Ctf3p, the Mis6 budding yeast homolog, interacts with Mcm22p and Mcm16p at the yeast outer kinetochore.
ABSTRACT: The budding yeast kinetochore is composed of an inner and outer protein complex, which binds to centromere (CEN) DNA and attaches to microtubules. We performed a genetic synthetic dosage lethality screen to identify novel kinetochore proteins in a collection of chromosome transmission fidelity mutants. Our screen identified several new kinetochore-related proteins including YLR381Wp/Ctf3p, which is a member of a conserved family of centromere-binding proteins. Ctf3p interacts with Mcm22p, Mcm16p, and the outer kinetochore protein Ctf19p. We used chromatin immunoprecipitation to demonstrate that Ctf3p, Mcm22p, and Mcm16p bind to CEN DNA in a Ctf19p-dependent manner. In addition, Ctf3p, Mcm22p, and Mcm16p have a localization pattern similar to other kinetochore proteins. The fission yeast Ctf3p homolog, Mis6, is required for loading of a CENP-A centromere specific histone, Cnp1, onto centromere DNA. We find however that Ctf3p is not required for loading of the budding yeast CENP-A homolog, Cse4p, onto CEN DNA. In contrast, Ctf3p and Ctf19p fail to bind properly to the centromere in a cse4-1 mutant strain. We conclude that the requirements for CENP-A loading onto centromere DNA differ in fission versus budding yeast.
Project description:The centromere (CEN) DNA-kinetochore complex is the specialized chromatin structure that mediates chromosome attachment to the spindle and is required for high-fidelity chromosome segregation. Although kinetochore function is conserved from budding yeast to humans, it was thought that transcription had no role in centromere function in budding yeast, in contrast to other eukaryotes including fission yeast.We report here that transcription at the centromere facilitates centromere activity in the budding yeast Saccharomyces cerevisiae. We identified transcripts at CEN DNA and found that Cbf1, which is a transcription factor that binds to CEN DNA, is required for transcription at CEN DNA. Chromosome instability of cbf1? cells is suppressed by transcription driven from an artificial promoter. Furthermore, we have identified Ste12, which is a transcription factor, and Dig1, a Ste12 inhibitor, as a novel CEN-associated protein complex by an in vitro kinetochore assembly system. Dig1 represses Ste12-dependent transcription at the centromere.Our studies reveal that transcription at the centromere plays an important role in centromere function in budding yeast.
Project description:The centromere, on which kinetochore proteins assemble, ensures precise chromosome segregation. Centromeres are largely specified by the histone H3 variant CENP-A (also known as Cse4 in yeasts). Structurally, centromere DNA sequences are highly diverse in nature. However, the evolutionary consequence of these structural diversities on de novo CENP-A chromatin formation remains elusive. Here, we report the identification of centromeres, as the binding sites of four evolutionarily conserved kinetochore proteins, in the human pathogenic budding yeast Candida tropicalis. Each of the seven centromeres comprises a 2 to 5 kb non-repetitive mid core flanked by 2 to 5 kb inverted repeats. The repeat-associated centromeres of C. tropicalis all share a high degree of sequence conservation with each other and are strikingly diverged from the unique and mostly non-repetitive centromeres of related Candida species--Candida albicans, Candida dubliniensis, and Candida lusitaniae. Using a plasmid-based assay, we further demonstrate that pericentric inverted repeats and the underlying DNA sequence provide a structural determinant in CENP-A recruitment in C. tropicalis, as opposed to epigenetically regulated CENP-A loading at centromeres in C. albicans. Thus, the centromere structure and its influence on de novo CENP-A recruitment has been significantly rewired in closely related Candida species. Strikingly, the centromere structural properties along with role of pericentric repeats in de novo CENP-A loading in C. tropicalis are more reminiscent to those of the distantly related fission yeast Schizosaccharomyces pombe. Taken together, we demonstrate, for the first time, fission yeast-like repeat-associated centromeres in an ascomycetous budding yeast.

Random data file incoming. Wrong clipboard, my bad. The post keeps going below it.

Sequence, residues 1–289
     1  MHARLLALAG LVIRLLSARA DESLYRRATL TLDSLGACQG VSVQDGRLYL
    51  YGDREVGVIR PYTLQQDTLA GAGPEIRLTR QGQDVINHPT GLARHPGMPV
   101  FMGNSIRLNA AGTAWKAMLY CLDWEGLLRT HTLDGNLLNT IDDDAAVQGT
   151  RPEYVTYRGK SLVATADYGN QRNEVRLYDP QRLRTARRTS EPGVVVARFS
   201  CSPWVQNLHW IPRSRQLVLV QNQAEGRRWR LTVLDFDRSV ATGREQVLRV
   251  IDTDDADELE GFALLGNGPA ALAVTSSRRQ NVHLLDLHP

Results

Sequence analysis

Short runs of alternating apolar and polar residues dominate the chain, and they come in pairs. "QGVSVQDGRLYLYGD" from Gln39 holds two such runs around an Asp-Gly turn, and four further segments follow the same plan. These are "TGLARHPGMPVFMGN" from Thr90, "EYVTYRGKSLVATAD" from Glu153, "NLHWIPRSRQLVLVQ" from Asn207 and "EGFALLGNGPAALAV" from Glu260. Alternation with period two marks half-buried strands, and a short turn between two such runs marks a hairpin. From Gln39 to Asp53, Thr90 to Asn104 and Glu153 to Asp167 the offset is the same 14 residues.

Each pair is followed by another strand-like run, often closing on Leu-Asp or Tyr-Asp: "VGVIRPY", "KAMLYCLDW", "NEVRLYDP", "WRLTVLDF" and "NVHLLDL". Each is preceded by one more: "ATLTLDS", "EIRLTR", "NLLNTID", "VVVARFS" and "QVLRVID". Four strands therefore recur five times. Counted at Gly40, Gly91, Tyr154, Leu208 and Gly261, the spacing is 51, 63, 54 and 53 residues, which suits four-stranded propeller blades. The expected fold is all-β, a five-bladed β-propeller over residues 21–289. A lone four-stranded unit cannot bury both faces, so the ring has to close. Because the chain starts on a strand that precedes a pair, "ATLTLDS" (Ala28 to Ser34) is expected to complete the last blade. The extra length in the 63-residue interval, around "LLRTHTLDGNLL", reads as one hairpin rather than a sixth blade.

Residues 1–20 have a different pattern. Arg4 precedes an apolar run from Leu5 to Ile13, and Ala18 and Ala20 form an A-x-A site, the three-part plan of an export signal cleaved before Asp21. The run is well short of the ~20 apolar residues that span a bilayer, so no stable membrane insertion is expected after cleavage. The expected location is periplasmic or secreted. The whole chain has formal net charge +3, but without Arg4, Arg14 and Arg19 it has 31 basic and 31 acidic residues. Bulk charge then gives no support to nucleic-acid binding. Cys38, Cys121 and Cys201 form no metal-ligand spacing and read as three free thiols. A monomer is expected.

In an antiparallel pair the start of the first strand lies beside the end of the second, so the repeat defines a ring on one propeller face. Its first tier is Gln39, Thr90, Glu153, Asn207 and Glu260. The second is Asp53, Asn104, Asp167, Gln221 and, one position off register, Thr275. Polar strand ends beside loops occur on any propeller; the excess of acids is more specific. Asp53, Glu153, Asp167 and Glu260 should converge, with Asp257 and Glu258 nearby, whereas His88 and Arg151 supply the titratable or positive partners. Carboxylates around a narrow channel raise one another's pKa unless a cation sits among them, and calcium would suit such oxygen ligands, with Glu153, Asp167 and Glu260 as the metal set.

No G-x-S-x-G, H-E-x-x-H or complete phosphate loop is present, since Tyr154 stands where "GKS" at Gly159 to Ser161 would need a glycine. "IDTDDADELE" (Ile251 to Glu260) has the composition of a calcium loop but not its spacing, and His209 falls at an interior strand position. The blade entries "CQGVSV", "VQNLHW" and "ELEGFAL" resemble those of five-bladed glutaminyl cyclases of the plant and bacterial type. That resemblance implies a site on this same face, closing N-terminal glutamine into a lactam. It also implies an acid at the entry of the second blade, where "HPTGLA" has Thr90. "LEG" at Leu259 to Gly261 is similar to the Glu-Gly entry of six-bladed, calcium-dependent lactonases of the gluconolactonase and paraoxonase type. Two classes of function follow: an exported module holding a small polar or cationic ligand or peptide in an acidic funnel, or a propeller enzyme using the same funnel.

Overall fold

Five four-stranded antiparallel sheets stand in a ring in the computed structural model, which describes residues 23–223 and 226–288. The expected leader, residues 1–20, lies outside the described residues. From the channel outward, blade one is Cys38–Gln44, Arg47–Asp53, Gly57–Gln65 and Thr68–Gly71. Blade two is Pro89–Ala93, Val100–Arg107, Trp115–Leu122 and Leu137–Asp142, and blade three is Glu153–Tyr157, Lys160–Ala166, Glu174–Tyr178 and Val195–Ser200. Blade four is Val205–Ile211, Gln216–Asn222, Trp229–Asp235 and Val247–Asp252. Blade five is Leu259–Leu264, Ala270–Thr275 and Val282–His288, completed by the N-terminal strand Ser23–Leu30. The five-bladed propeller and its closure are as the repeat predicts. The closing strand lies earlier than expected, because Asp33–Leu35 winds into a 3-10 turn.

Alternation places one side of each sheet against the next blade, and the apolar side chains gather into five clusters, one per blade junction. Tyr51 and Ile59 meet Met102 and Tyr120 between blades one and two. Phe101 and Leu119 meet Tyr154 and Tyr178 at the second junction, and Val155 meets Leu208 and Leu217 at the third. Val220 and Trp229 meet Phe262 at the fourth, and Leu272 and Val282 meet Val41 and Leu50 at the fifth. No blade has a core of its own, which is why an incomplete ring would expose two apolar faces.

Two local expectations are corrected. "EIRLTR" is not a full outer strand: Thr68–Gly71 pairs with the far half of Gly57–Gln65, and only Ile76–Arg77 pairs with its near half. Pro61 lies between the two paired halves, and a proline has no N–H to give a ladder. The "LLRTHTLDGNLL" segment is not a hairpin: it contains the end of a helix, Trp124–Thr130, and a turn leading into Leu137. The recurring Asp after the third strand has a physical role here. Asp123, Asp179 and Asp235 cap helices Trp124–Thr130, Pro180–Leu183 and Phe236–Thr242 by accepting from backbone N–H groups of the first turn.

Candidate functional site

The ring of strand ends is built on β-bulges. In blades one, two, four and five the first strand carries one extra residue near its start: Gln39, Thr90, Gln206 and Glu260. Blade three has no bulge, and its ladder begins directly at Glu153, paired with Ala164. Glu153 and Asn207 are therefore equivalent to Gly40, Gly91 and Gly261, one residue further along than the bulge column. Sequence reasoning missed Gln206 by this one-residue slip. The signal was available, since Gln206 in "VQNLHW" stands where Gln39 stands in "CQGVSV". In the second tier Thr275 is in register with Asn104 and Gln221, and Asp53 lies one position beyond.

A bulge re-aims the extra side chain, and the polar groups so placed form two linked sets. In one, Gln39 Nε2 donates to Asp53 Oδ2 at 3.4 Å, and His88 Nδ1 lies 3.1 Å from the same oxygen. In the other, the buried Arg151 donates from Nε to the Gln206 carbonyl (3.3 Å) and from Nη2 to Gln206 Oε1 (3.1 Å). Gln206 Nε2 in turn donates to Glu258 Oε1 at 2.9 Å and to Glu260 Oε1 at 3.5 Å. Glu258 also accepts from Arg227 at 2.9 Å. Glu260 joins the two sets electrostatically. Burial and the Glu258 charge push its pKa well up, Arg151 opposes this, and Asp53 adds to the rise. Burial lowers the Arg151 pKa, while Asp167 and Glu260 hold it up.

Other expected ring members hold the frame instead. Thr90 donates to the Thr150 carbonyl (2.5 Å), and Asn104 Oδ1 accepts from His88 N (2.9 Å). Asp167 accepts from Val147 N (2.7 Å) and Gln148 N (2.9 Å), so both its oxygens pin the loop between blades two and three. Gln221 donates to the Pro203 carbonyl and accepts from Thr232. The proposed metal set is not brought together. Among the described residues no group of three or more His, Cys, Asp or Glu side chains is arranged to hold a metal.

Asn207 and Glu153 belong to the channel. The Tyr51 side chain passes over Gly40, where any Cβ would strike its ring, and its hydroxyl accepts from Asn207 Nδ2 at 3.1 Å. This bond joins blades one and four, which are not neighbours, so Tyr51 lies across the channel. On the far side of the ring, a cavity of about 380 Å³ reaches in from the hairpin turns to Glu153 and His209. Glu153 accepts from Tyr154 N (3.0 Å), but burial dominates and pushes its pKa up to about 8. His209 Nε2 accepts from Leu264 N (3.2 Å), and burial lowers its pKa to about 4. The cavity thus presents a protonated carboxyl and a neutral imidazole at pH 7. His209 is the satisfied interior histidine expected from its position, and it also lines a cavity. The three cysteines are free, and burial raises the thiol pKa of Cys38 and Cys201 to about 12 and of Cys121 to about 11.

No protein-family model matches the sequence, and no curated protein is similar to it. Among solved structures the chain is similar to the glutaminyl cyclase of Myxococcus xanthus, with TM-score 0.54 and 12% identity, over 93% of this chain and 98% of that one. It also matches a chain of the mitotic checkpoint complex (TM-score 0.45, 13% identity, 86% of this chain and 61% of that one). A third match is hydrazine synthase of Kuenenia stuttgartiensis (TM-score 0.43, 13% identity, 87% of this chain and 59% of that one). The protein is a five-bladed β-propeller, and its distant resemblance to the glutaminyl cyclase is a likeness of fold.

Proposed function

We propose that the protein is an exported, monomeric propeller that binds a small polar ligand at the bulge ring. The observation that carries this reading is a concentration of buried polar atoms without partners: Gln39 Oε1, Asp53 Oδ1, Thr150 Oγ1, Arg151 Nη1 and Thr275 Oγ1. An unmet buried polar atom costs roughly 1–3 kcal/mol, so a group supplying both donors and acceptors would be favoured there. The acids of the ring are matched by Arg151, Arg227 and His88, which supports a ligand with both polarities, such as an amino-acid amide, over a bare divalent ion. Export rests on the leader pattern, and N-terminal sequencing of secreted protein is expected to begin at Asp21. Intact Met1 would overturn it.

Project description:Centromeres serve as platforms for the assembly of kinetochores and are essential for nuclear division. Here we identified Neurospora crassa centromeric DNA by chromatin immunoprecipitation followed by high-throughput sequencing (ChIP-seq) of DNA associated with tagged versions of the centromere foundation proteins CenH3 (CENP-A) and CEN-C (CENP-C) and the kinetochore protein CEN-T (CENP-T). On each chromosome we found an ?150- to 300-kbp region of enrichment for all three proteins. These regions correspond to intervals predicted to be centromeric DNA by genetic mapping and DNA sequence analyses. By ChIP-seq we found extensive colocalization of CenH3, CEN-C, CEN-T, and histone H3K9 trimethylation (H3K9me3). In contrast, H3K4me2, which has been found at the cores of plant, fission yeast, Drosophila, and mammalian centromeres, was not enriched in Neurospora centromeric DNA. DNA methylation was most pronounced at the periphery of centromeric DNA. Mutation of dim-5, which encodes an H3K9 methyltransferase responsible for nearly all H3K9me3, resulted in altered distribution of CenH3-green fluorescent protein (GFP). Similarly, CenH3-GFP distribution was altered in the absence of HP1, the chromodomain protein that binds to H3K9me3. We conclude that eukaryotes with regional centromeres make use of different strategies for maintenance of CenH3 at centromeres, and we suggest a model in which centromere proteins nucleate at the core but require DIM-5 and HP1 for spreading.